Children with reading LD can feel overwhelmed by being exposed to too much text at once. They may have difficulty reading the alphabet or pronouncing words. They may skip lines when reading because the words seem to move on the page.
Educational toys like Melissa and Doug Opposites Puzzle Cards or See & Spell break reading down into its essential components. Travel Read Spin and Word Spin Deluxe Family Edition created by GeoSpace are also great ways to turn spelling and reading skills into a fun experience. Focusing on one word/concept at a time and breaking words down into letters prevents children from getting confused by walls of text. While using these products, encourage children to talk about what they are reading to check for understanding.
Children with LDs in writing struggle with many of the same problems as children with LDs in speaking and listening. They have great ideas in their heads, but have trouble expressing themselves in writing with clear handwriting and good grammar and spelling. This is a case where the simplest of toys can have the greatest effect. Take some of the pressure off of writing by having the kids write their thoughts on a fun board or dry erase board. Now children can erase and/or restart their sentences over and over again until everything is exactly correct.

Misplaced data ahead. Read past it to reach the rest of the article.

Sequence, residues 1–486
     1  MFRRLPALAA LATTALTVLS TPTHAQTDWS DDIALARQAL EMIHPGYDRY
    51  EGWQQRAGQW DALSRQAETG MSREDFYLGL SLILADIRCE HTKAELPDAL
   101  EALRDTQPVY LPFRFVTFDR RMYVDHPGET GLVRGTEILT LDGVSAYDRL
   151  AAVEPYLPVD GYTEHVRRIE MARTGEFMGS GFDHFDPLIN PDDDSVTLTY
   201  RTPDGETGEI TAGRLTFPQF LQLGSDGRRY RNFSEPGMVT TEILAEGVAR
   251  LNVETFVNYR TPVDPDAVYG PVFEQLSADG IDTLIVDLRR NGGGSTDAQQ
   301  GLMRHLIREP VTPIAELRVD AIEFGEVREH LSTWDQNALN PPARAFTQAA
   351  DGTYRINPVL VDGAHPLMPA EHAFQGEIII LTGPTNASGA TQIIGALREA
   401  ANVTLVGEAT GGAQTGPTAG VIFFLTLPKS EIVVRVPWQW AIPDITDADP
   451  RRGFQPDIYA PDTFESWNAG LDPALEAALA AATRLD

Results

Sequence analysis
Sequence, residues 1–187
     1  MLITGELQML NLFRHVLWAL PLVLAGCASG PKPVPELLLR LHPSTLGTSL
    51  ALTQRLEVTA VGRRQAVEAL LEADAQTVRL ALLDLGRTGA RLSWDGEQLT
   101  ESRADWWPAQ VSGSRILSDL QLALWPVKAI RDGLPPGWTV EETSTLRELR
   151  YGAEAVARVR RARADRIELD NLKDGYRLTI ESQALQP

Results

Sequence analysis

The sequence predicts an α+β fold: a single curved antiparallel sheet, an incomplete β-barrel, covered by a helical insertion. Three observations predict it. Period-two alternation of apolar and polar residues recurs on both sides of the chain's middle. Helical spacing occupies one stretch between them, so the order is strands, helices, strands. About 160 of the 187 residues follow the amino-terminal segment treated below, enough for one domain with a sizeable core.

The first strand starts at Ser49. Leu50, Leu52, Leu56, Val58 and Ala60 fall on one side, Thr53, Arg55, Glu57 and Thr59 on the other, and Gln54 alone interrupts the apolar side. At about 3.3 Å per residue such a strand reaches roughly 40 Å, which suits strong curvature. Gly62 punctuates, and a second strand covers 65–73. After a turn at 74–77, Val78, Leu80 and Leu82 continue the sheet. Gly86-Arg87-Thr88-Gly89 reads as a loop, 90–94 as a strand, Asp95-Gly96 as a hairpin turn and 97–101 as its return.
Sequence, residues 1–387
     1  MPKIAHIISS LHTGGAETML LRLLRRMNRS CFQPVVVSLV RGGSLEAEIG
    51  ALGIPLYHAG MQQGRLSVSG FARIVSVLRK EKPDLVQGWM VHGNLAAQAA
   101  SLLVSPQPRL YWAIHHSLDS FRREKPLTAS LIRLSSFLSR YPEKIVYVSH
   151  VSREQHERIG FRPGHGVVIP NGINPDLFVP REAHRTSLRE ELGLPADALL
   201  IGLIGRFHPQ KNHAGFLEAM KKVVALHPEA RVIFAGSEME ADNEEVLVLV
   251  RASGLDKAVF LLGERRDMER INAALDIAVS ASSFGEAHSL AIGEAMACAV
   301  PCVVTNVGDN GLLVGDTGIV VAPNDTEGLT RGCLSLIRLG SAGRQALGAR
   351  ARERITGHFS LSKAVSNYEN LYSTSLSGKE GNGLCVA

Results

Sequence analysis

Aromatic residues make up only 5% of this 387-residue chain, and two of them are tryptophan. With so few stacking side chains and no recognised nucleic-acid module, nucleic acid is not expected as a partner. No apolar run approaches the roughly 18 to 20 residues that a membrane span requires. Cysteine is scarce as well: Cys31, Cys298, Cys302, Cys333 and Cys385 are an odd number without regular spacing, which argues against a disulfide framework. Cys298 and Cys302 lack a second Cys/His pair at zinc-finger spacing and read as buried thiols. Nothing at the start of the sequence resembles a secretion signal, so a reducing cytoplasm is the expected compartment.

Children with LD in Mathematics struggle with the meaning of numbers and number symbols. They have difficulty memorizing and understanding mathematical operations. At the most basic level, they struggle with the patterns that underlie mathematical concepts. Playing with pattern games, shape puzzles, and blocks can give a child the experience and confidence with patterns needed to be successful in math. For example, a toy like Logix from FoxMind Games gives a child practice with shapes and logical patterns. Once again, GeoSpace’s Travel Math Spin is a fun teaching tool for basic facts, removing what is sometimes a terrible feeling for a child of having to teach themselves math. Remember, the participation of adults in a familiar environment using educational games is important in the learning process.